It was a great year!
I had a blast!
It had a lot of ups and downs.
It was a tough year.
It was awesome!
One down, 25 more to go.
After seventeen years in education, I think I have used all of the responses above to the all too familiar question from others during this time of year -
So, how did the school year go?
How can you take a year's worth of memories and simplify it into one sentence?
While most of my responses were spontaneous and depended on the person asking, the time it was asked, and the tone, I tended to focus my answer on the end of that school year. This is the first year in which I am answering that question with a focused, stern commitment in my voice in looking ahead to next year -
I'm just getting warmed up!
The reality of the quote "life is a marathon; not a sprint" is indeed profound. When people believe each year is a sprint to the finish, they are setting themselves up for disappointment and disaster at the end of the year. Although they may "finish", there doesn't really seem to be the ticker tape parade they had hoped. Real leaders know that work, as with life, is a marathon, so they prepare for the long game for success. And to prepare properly, real leaders warm up. To help you get in shape for next season, here are "3 Tips to Warming Up":
Tip #1: Don't Warm Up Alone
Leaders understand that relationships matter in any position, vocation, and challenge. Too often, people think they are in a competition in which only one winner can be crowned. I have seen people sabotage others and backstab others as if it were a game of Survivor. Or, they believe the mission to completion is easier if conducted alone, so they leave people behind at any chance. Leaders understand the need to develop positive, real, lasting relationships through community building and trust. More often than not, it's not a lack of understanding in how to build positive relationships but a lack of desire that harms growth.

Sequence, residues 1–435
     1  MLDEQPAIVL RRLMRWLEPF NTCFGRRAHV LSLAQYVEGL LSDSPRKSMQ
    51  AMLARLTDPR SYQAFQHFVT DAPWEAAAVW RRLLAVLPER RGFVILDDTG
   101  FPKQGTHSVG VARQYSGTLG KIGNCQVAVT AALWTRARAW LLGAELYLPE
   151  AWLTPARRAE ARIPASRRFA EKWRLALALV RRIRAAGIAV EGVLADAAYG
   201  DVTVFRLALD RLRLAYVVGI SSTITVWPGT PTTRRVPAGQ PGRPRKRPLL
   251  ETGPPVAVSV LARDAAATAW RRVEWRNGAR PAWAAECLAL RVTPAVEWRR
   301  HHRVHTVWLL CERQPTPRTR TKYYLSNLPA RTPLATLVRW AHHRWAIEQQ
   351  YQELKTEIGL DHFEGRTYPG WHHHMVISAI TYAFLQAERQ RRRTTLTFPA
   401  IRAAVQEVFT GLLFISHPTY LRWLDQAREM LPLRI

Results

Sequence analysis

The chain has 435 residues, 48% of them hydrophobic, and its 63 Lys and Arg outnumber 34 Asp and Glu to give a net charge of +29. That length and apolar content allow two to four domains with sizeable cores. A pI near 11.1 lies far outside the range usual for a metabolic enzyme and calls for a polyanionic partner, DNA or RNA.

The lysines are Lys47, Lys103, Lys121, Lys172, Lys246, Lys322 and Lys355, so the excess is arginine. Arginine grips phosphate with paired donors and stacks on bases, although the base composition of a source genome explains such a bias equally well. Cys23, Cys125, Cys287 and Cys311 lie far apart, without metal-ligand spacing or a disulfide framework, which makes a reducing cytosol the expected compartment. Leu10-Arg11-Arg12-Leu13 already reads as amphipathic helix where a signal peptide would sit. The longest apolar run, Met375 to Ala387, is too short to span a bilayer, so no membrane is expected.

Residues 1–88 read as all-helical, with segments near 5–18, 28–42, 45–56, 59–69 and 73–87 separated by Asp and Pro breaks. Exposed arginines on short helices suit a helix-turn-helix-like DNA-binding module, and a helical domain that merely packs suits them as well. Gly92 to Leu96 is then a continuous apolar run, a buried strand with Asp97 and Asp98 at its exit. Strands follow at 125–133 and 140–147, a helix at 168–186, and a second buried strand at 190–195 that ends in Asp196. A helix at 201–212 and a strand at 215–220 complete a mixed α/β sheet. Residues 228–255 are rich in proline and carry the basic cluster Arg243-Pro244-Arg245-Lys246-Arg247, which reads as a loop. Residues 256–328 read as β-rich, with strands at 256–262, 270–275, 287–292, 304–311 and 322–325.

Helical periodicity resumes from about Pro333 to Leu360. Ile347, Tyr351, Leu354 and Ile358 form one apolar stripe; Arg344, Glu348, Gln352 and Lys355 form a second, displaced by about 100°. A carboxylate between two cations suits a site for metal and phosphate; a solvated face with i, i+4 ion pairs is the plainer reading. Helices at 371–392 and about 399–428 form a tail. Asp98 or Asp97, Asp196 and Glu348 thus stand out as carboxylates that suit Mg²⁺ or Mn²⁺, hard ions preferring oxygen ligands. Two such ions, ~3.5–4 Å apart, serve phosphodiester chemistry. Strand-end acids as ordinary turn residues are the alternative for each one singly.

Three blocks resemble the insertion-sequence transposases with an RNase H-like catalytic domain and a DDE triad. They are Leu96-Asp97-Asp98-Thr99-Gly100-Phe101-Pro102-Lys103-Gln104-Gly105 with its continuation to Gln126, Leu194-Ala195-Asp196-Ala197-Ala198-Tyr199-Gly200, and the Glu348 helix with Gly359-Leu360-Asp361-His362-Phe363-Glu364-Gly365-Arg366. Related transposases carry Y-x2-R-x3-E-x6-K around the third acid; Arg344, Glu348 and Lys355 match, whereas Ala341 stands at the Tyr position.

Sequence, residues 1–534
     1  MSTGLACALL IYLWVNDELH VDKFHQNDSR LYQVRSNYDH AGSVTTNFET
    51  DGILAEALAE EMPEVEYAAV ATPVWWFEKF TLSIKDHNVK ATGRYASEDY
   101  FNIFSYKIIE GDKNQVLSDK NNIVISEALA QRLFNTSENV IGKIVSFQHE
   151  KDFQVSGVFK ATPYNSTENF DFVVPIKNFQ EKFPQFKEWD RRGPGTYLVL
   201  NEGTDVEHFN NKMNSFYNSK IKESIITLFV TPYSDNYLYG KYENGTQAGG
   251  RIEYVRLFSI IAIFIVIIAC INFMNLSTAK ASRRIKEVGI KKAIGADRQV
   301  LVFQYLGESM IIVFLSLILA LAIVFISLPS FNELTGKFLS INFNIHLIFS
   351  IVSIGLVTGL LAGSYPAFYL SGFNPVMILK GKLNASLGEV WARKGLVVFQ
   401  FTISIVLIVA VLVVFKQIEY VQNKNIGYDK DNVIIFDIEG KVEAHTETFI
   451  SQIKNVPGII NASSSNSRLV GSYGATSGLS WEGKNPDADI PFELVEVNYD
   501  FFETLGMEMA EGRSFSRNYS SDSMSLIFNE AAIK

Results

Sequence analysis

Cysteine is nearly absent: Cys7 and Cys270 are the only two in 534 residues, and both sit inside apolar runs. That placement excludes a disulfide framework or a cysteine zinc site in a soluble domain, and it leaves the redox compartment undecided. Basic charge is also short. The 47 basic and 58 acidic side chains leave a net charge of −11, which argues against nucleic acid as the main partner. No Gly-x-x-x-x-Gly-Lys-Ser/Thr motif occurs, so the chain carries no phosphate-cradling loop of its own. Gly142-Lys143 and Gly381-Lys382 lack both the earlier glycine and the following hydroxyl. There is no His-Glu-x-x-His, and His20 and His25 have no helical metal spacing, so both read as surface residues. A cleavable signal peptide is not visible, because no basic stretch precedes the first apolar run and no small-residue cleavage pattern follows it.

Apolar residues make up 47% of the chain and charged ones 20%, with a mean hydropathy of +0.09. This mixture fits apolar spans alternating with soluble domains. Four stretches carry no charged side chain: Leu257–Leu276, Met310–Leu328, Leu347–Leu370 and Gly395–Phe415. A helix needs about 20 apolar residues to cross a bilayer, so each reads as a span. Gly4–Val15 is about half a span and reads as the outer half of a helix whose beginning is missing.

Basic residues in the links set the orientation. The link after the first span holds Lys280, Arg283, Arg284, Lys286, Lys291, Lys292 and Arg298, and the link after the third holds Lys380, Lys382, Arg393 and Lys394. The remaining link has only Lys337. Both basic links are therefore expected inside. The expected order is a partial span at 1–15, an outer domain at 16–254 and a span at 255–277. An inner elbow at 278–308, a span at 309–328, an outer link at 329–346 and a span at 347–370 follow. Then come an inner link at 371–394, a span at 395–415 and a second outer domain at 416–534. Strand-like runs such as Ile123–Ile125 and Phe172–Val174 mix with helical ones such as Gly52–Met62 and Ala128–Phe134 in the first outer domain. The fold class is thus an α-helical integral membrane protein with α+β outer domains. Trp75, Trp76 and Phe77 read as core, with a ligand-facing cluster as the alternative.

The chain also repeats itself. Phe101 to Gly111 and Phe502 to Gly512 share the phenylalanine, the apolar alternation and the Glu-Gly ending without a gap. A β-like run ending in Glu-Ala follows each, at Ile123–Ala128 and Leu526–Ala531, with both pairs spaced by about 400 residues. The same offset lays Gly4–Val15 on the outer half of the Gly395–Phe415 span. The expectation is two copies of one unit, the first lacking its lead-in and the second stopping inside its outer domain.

Tip #2: Start Easy and Work Your Way Up
Leaders understand the benefits in taking incremental steps. In the book Good to Great, Jim Collins talks about the "flywheel" concept to create small and early successes that build off one another to create a momentum for change. Too often, people get impatient in the early developmental stages of understanding, building awareness, and validating the need that leads to a vicious "doom loop". They believe they know what's best in isolation and forage ahead without the proper plan. Leaders work with their team to develop plans that build incremental steps for awareness. Great companies such as IDEO (https://www.ideo.com/expertise/education/) and Education Changemakers (http://educationchangemakers.com/) support this concept through design thinking principles for learning.
Tip #3: Stay Active
Leaders understand the need to maintain a high degree of flexibility, agility, and tempo. While taking a break is necessary and should be part of any regiment, taking a break for too long can be disastrous. Just as it is important to keep your muscles loose and heart rate up during a competition, it is important to stay active in your mindset and learning. Leaders who regularly read books, participate in Twitter chats (#ohedchat on Wednesdays at 9 PM EST and #leadupchat on Saturdays at 9:30 AM EST), read journals, attend (un)conferences, and read blogs are more apt to taking risks and growing both personally and professionally.
Our words matter and they are a window to our heart and soul. When asked about your school year, is your reply "I'm glad it's over", or "I'm just getting warmed up"?